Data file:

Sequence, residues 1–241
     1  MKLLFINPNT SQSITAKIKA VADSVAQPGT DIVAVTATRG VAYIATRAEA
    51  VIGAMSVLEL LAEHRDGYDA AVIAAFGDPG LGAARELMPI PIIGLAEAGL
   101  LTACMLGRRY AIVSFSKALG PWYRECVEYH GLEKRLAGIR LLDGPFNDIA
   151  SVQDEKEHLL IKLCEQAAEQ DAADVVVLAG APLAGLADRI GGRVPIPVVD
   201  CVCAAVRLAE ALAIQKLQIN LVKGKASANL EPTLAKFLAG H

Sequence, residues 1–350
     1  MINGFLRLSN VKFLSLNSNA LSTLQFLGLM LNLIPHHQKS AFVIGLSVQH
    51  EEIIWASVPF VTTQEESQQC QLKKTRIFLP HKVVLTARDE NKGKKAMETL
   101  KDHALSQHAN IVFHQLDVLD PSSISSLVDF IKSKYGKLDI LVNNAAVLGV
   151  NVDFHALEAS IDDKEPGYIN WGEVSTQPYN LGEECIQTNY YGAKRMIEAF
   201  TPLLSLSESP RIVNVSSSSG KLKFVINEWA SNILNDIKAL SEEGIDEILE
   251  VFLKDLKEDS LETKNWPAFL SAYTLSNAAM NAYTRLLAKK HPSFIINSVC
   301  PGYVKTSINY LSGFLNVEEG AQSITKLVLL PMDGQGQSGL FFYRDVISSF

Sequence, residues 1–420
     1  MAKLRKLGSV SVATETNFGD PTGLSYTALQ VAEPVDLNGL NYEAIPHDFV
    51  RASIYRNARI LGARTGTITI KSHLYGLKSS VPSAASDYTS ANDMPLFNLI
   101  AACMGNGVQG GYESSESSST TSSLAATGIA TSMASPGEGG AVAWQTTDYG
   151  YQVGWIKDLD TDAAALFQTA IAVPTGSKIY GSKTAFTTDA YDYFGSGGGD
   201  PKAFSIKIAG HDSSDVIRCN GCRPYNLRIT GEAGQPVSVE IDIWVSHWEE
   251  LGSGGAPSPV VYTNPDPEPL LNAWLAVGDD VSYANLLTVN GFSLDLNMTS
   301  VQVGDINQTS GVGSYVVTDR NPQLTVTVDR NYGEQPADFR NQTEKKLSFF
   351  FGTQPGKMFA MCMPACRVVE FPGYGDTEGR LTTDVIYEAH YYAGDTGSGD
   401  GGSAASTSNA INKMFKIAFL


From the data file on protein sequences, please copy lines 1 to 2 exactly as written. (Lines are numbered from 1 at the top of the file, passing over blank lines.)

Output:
Sequence, residues 1–241
     1  MKLLFINPNT SQSITAKIKA VADSVAQPGT DIVAVTATRG VAYIATRAEA